Racehorses wear them. Eventers too. More and more they’re showing up in the jumper ring.
FLAIR® Equine Nasal Strips, those BandAid-looking contraptions above a horse’s nostrils, are becoming a go-to tool in the relentless quest for improved performance in equine sports where tenths, or even hundredths, of a second can separate first from fifth on the leaderboard.
But nasal strips aren’t just for high performance equine athletes. They provide benefits for horses of all fitness and skill levels—and even those with breathing problems.
FLAIR Strips make breathing easier.
Unlike humans, horses are obligate nasal breathers when exercising, which means a horse can only breathe through his nose.
During exercise, the soft tissue over the nasal passage collapses inward when a horse inhales, reducing the size of the airway and significantly increasing resistance to airflow. In fact, 50% to 80% of resistance to airflow to the lungs comes from the nasal passages when a horse is at work.
The spring-like action in FLAIR Strips gently supports the nasal passages to reduce soft tissue collapse, so the horse can take in the same amount of air with less work to maintain respiratory health and optimum performance.
FLAIR Strips relieve equine breathing problems
Lower airway diseases—such as heaves, chronic obstructive pulmonary disease (COPD), recurrent airway obstruction (RAO), inflammatory airway disease (IAD), and asthma—adversely impact the elasticity of the lung. A horse struggling to expand and contract his lungs requires more effort to breathe.
The same is true of upper airway conditions, like roaring, gurgling, nasal flutter, alar fold collapse, and functional obstructions, such as significant poll flexion. They increase the work of breathing.
Because a horse’s airway is one long tube from their nostrils to their lungs, reducing airflow resistance in one part of the airway positively impacts other structures in the tube. FLAIR Strips can help alleviate long-term horse breathing problems by reducing airflow resistance.
FLAIR Strips help improve stride efficiency.
At a canter and gallop, horses take one breath for each stride, inhaling when the front legs are non-weight bearing and exhaling when they are weight bearing. This synchronization of stride and breathing is known as “respiratory-locomotor coupling.”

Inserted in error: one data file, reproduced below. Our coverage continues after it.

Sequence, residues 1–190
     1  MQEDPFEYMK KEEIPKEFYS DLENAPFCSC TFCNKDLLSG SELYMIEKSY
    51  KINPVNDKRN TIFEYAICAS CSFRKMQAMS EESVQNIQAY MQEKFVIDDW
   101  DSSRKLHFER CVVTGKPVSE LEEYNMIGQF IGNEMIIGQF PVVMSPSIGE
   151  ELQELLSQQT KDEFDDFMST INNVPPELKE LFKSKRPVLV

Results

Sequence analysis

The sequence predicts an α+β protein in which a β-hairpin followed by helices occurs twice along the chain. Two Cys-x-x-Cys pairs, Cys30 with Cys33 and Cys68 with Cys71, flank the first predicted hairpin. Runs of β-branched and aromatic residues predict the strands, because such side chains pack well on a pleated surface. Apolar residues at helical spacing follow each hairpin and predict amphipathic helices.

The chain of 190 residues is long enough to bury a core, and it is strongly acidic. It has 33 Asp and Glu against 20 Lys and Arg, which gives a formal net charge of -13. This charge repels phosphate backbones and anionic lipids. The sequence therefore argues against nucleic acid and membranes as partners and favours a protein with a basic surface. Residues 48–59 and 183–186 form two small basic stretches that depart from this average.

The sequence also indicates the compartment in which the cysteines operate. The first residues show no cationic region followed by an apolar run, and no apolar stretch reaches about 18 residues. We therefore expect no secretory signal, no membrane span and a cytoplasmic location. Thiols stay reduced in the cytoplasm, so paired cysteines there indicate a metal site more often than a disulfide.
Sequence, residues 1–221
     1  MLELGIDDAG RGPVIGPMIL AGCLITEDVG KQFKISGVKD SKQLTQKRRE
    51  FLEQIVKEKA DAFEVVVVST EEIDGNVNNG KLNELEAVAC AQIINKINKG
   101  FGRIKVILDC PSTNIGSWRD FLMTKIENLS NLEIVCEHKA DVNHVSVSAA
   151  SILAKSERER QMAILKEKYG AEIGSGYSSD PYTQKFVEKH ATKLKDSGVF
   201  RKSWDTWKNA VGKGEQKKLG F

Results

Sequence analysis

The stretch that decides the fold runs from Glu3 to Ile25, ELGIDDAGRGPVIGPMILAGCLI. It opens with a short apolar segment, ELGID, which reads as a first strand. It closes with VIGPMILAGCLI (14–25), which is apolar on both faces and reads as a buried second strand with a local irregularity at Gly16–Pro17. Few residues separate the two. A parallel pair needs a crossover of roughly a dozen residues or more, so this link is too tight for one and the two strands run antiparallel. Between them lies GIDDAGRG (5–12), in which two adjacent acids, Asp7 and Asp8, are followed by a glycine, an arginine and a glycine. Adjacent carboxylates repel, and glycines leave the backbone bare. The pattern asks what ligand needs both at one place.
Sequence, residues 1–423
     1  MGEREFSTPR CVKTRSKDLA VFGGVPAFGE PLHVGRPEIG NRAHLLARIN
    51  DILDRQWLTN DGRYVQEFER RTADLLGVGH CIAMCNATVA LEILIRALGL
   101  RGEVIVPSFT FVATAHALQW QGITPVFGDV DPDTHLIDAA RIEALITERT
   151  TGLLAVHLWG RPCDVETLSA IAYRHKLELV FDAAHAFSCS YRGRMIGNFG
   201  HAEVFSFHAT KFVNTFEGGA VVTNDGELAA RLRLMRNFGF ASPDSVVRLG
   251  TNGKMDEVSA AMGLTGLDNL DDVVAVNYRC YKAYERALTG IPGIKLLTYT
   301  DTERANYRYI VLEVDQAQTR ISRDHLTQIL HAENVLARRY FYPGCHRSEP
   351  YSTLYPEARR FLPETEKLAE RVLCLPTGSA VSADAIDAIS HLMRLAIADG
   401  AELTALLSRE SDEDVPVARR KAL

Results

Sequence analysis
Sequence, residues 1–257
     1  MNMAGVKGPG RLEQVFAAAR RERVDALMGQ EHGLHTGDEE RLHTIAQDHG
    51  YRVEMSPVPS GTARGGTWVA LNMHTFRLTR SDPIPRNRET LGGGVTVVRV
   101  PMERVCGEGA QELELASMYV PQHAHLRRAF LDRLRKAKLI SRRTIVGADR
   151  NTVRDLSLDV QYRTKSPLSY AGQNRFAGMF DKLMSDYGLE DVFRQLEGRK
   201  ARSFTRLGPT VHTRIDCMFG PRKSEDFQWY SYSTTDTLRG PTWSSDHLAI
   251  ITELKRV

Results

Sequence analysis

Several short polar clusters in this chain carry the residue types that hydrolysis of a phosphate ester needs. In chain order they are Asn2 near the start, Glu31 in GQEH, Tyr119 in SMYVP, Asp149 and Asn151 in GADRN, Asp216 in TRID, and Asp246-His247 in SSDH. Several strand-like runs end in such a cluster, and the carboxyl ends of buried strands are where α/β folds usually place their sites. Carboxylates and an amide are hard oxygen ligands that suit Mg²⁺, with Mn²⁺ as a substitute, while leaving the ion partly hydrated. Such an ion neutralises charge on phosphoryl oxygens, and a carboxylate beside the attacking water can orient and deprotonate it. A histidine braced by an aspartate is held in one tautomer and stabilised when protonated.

Because of this link, anything that affects the horse’s breathing also impacts his stride. The faster the horse gallops the longer its stride and the deeper and longer breaths the horse takes. A horse struggling to move air in and out of the lungs may fatigue more quickly or shorten its stride to compensate for the increased work of breathing in.
FLAIR Strips reduce resistance through the nasal passages to help make stride lengthening and adjusting easier.
FLAIR Strips help horses sustain performance longer
The amount of air moved in and out of the lungs increases in direct proportion to how fast the horse is running. If a horse runs twice as fast, it must move twice as much air in and out.
Performance horses wearing FLAIR Strips have been shown to use 5-6% less oxygen and produced less carbon dioxide when bringing air in during intensive exercise than when doing the same amount of work without a FLAIR Strip. Using less oxygen means less energy is consumed, which helps delay the onset time to fatigue and potentially reduces the chance of fatigue-related injuries, such as pulled ligaments, bowed tendons and fractured bones.
FLAIR Strips protect against EIPH
Lung bleeding in horses, also known as Exercise Induced Pulmonary Hemorrhage (EIPH), occurs when fragile pulmonary blood vessels deep in the lungs rupture during exercise.
Numerous studies show that essentially all exercising horses experience some degree of EIPH during intensive exercise. But only 5% show blood at the nostrils. As a result, EIPH often goes undiagnosed.
What’s more, horses don’t have to gallop to bleed. While fast gallops, work on very hard or soft surfaces and carrying more weight creates the potential for more damage, research from Japan showed that horses cantering at speeds of up to 20 mph (a very slow canter for a racehorse) all had damage to their lungs as a result of broken blood vessels. Some studies report that lung bleeding in horses can even occur when doing mild exercise such as trotting on a treadmill.
FLAIR Strips are clinically proven to reduce resistance to breathing, which puts less stress on the pulmonary blood vessels, resulting in fewer ruptured blood vessels in the lungs. In fact, FLAIR Strips have been proven to be as effective as the drug Lasix in reducing lung bleeding during high intensity exercise.
Find out if FLAIR Strips are right for your horse. Learn more at https://bit.ly/flairstrips.